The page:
For the best results: feed them shit and keep them in the dark (h/t this scene).
Over the years, I’ve found this to be the best way to enjoy my annual CNY gatherings with my extended family in Taiwan: give vague, monosyllabic answers until they run out of annoying questions to ask.
The list of acceptable responses include: yes (好), no (不好), maybe so (有可能), not sure (不確定), I don’t know (不知道), you have a point (嗯,有道理), I’ll think about it (我回去想想), is that so (真的嗎), and that’s impressive (哇! 好厲害).
Rinse and repeat until the meal / conversation ends.
Under no circumstances should you try to argue or reply with a snarky / defensive comment. Not only does this come off as try-hard and rude, your annoyance becomes proof that they’ve managed to get under your skin.
Which brings me to the point: why are we so sensitive in the first place?
I have three theories on this.
Eleanor Roosevelt once said, “No one can make you feel inferior without your consent.”
This is probably an overstatement; I can think of some recent examples where the sense of inferiority gets imposed on certain groups systematically, from above. But when we apply this quote to something more innocuous like an Asian family gathering, I think there’s some merit to these words.
Because constant cynicism is what you get when you’re not quite living the life you want.
There are only three possible explanations for why millennials / Gen Z might feel this way—all of which point to insecurity at some level:
1. We feel lost and don’t quite know what we want.
2. We know what we want, but are afraid of putting ourselves out there to be judged.
3. Our actions don’t always line up with who we say we are or who we want to be.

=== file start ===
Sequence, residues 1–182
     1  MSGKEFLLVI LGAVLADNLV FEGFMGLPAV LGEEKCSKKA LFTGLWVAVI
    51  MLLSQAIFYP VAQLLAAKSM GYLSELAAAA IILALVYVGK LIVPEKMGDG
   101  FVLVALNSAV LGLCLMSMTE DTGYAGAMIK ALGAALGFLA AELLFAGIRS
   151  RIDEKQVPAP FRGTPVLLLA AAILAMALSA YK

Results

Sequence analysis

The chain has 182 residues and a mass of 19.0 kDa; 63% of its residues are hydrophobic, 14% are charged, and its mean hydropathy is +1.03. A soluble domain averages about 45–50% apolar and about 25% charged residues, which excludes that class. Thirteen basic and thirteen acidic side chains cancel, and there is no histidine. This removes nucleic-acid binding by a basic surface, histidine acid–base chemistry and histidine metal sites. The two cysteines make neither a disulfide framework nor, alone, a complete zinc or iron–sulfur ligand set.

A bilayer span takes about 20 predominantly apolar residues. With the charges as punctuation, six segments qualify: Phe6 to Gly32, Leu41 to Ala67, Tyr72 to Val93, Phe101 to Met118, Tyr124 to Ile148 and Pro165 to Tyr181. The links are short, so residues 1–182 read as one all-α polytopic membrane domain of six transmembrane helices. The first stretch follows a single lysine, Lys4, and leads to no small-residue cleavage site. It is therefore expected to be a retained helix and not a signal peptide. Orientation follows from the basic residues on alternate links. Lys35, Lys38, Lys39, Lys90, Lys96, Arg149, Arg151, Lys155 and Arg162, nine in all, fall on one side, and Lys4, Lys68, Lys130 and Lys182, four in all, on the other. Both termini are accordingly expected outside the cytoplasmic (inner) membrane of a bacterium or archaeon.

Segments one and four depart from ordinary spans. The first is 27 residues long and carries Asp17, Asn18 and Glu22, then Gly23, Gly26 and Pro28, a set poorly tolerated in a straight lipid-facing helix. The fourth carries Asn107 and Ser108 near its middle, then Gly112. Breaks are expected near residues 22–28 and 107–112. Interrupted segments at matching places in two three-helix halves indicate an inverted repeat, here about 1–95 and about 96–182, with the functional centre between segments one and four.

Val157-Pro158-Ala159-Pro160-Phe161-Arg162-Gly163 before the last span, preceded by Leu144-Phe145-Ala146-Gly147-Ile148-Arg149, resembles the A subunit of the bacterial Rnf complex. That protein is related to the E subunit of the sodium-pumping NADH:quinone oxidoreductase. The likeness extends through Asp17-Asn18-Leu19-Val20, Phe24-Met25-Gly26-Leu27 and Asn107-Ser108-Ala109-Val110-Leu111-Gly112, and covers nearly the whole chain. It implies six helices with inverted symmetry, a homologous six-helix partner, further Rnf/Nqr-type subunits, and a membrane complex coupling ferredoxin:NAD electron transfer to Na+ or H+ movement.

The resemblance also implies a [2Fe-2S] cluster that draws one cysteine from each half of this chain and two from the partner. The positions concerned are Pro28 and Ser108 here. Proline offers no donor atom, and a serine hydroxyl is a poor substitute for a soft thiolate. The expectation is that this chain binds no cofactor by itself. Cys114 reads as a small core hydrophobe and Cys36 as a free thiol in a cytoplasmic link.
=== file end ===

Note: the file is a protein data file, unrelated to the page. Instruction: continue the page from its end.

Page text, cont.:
Another reflection of this insecurity is exhaustion—from having to explain ourselves to extended family we barely know.
But doesn’t this exhaustion ultimately stem from a fear of being misunderstood? If we truly don’t care what others think of us, what explains the inner turmoil?
It’s perfectly fine to not know what we want. Or to want to stay single, to not want kids, or to pursue a non-traditional career path. And if we were actually comfortable with these choices, there wouldn’t be a need to overcompensate and try to justify ourselves.
By doing so, we’re just perpetuating the ‘never lose face’ culture that we claim to rail against.
Setting aside cases of outright bullying and verbal abuse, the reason why extended relatives ask nosy questions can be boiled down to one simple explanation:
They’re just looking for something to say.
After all, what do they really know about you? What sort of common ground do you actually have? When seen from this perspective, the fact that we perceive their questions as an attack says more about us than it does about them.
Reading the post-CNY comments online, the easier way out would be to cancel such gatherings with extended family altogether.
But I think this retreat into our comfortable bubbles suggests a deeper fear:
That our parents and relatives might not be wrong about everything.
The older generation may have insufficient knowledge of what goes on in a digital economy, but their life experiences remain valid and valuable. The fact that our elders have ‘lived more’ automatically gives them more perspective, regardless of whether or not they made good choices in their lives. In fact, sometimes we can learn more from their delusions than their candor.